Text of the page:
Abstract: The development of extended reality in recent years is opening doors for using extended reality devices (virtual reality, augmented, and mixed reality devices) in education and healthcare. The purpose of this pilot study was to test the use of augmented reality in teaching healthcare practitioners in a stroke assessment simulation designed for clinical training, where students at nursing school are targets in the study. To conduct our feasibility, a simulation application was developed for the mixed reality device that projects a human face displaying facial drooping (a symptom of stroke) onto a computerized training mannequin. Nursing students were then placed in a clinical simulation wherein they wore the mixed reality device and performed an assessment of their mannequin patient to identify the symptom of stroke and act accordingly. The students completed a survey following their simulations, and then provided feedback on the device and the quality of their experience. The results of the study show that most students enjoyed the simulation and felt that extended reality would be a very useful educational tool for clinical training and healthcare. Further development of the program and device is underway, and future tests will be conducted. The results from this study will be helpful in further progressing the development of extended reality, and the use of these devices in healthcare training.

Journal ArticleDOI
TL;DR: The aim was to understand how different statistical information formats can enhance VR persuasive potential for plastic consumption, recycling and waste, and how numerical format was the least effective across all dimensions.
Abstract: Starting from the pro-environmental potential of virtual reality (VR), the aim was to understand how different statistical information formats can enhance VR persuasive potential for plastic consumption, recycling and waste. Naturalistic, immersive virtual reality environments (VREs) were designed ad hoc to display three kinds of statistical evidence formats, featured as three different formats (i.e., numerical, concrete and mixed). Participants were exposed only to one of the three formats in VR, and their affect, emotions, sense of presence, general attitudes toward the environment, specific attitudes and behavioral intentions toward plastic, use, waste, recycle, as well as their social desirability proneness were measured. Numerical format was the least effective across all dimensions. Concrete and mixed formats were similar. Social desirability only partially affected participants’ attitudes and behavioral intentions. Numerical format did not increase the persuasive efficacy of statistical evidence displayed in VR, with respect to visual alone. Implications and future directions for designing effective VRE promoting pro-environmental behaviors were discussed.

Journal ArticleDOI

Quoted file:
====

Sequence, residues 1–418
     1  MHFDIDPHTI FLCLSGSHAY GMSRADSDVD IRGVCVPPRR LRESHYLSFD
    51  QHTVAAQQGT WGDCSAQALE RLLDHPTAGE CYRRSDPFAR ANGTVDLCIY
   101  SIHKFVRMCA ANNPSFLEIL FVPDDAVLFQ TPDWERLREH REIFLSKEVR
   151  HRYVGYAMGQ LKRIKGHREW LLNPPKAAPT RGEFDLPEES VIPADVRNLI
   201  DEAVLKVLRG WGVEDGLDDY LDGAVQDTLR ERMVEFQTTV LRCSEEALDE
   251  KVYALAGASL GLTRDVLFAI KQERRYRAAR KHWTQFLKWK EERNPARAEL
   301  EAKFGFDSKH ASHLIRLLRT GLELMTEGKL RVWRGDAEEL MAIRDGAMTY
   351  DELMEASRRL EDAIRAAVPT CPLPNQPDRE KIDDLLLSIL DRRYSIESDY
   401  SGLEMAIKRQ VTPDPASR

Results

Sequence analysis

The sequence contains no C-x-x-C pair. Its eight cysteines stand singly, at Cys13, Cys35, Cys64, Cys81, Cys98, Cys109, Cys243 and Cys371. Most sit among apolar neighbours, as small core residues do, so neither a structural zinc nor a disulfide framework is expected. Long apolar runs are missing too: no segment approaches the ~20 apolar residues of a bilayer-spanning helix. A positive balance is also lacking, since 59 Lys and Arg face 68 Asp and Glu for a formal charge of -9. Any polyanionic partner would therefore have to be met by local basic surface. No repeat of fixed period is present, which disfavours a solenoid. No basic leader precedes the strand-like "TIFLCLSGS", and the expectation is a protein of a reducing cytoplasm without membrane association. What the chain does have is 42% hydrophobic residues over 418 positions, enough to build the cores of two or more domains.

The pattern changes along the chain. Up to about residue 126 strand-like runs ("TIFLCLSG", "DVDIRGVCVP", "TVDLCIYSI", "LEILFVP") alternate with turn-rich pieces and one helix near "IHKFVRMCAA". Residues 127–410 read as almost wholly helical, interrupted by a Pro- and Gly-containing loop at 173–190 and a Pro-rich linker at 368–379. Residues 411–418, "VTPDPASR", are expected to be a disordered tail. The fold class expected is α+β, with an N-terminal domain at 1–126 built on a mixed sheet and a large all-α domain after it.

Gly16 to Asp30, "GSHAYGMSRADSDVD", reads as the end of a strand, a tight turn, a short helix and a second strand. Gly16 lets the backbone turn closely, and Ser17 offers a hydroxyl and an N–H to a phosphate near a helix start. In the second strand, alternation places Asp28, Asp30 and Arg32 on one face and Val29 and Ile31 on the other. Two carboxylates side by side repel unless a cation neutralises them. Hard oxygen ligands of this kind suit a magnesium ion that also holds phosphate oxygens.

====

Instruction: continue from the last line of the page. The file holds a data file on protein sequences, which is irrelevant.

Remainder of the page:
TL;DR: Cumulative data suggest that the use of IVR with therapeutic intent in senior populations is in early stages of clinical development and shows promise as a complementary tool in the fields of health, rehabilitation, and active aging.
Abstract: Increased life expectancy leads to an increase in the number of older adults and in the prevalence of aging-associated diseases and disabilities. Active aging strategies—particularly those based on physical exercise therapy— have great positive impact on older people’s health. Virtual reality (VR) represents an innovative approach to involve and motivate patients during therapy sessions. Exergaming programs based on VR technologies and commercially available gaming platforms are amenable to therapeutic use in older adults, according to various systematic reviews and meta-analyses. The use of immersive virtual reality (IVR) in the field of rehabilitation or physical skills training in seniors is understudied.In the present systematic review, we analyze the therapeutic use and application of IVR in older adults through physical activity. We describe the populations studied, the conditions of IVR application (device, session, physical, and virtual environments), its potential benefits, and its limitations. We found that most studies are feasibility pilot experiences, where the use and acceptability of the immersive platform were evaluated. Cumulative data suggest that the use of IVR with therapeutic intent in senior populations is in early stages of clinical development and shows promise as a complementary tool in the fields of health, rehabilitation, and active aging.

Journal ArticleDOI
TL;DR: This study gives a first insight into comparing foveal vision, especially gaze accuracy and precision between R and VR, and can serve as a reference for the development of VR applications in the future.
Abstract: Virtual reality (VR) is popular across many fields and is increasingly used in sports as a training tool. The reason, therefore, is recently improved display technologies, more powerful computation capacity, and lower costs of head-mounted displays for VR. As in the real-world (R), visual effects are the most important stimulus provided by VR. However, it has not been demonstrated whether the gaze behavior would achieve the same level in VR as in R. This information will be important for the development of applications or software in VR. Therefore, several tasks were designed to analyze the gaze accuracy and gaze precision using eye-tracking devices in R and VR. 21 participants conducted three eye-movement tasks in sequence: gaze at static targets, tracking a moving target, and gaze at targets at different distances. To analyze the data, an averaged distance with root mean square was calculated between the coordinates of each target and the recorded gaze points for each task. In gaze accuracy, the results showed no significant differences between R and VR in gaze at static targets (1 m distance, p > 0.05) and small significant differences at targets placed at different distances (p < 0.05), as well as large differences in tracking the moving target (p < 0.05). The precision in VR is significantly worse compared to R in all tasks with static gaze targets (p < 0.05). On the whole, this study gives a first insight into comparing foveal vision, especially gaze accuracy and precision between R and VR, and can, therefore, serve as a reference for the development of VR applications in the future.